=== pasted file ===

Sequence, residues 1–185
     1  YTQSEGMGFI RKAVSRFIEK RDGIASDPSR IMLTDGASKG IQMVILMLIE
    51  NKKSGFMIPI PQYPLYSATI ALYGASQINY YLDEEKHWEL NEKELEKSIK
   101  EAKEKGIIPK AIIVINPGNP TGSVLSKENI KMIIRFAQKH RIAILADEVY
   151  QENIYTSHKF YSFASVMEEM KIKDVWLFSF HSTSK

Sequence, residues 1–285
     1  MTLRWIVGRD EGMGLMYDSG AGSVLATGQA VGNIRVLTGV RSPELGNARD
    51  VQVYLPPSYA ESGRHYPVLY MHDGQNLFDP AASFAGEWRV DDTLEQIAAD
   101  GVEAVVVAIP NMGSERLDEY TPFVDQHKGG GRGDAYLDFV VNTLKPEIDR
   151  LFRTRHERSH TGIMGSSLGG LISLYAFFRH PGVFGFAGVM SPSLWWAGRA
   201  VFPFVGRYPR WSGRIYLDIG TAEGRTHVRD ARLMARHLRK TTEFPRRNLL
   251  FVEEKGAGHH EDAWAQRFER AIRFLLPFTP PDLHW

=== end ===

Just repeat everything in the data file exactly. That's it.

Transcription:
Sequence, residues 1–185
     1  YTQSEGMGFI RKAVSRFIEK RDGIASDPSR IMLTDGASKG IQMVILMLIE
    51  NKKSGFMIPI PQYPLYSATI ALYGASQINY YLDEEKHWEL NEKELEKSIK
   101  EAKEKGIIPK AIIVINPGNP TGSVLSKENI KMIIRFAQKH RIAILADEVY
   151  QENIYTSHKF YSFASVMEEM KIKDVWLFSF HSTSK

Sequence, residues 1–285
     1  MTLRWIVGRD EGMGLMYDSG AGSVLATGQA VGNIRVLTGV RSPELGNARD
    51  VQVYLPPSYA ESGRHYPVLY MHDGQNLFDP AASFAGEWRV DDTLEQIAAD
   101  GVEAVVVAIP NMGSERLDEY TPFVDQHKGG GRGDAYLDFV VNTLKPEIDR
   151  LFRTRHERSH TGIMGSSLGG LISLYAFFRH PGVFGFAGVM SPSLWWAGRA
   201  VFPFVGRYPR WSGRIYLDIG TAEGRTHVRD ARLMARHLRK TTEFPRRNLL
   251  FVEEKGAGHH EDAWAQRFER AIRFLLPFTP PDLHW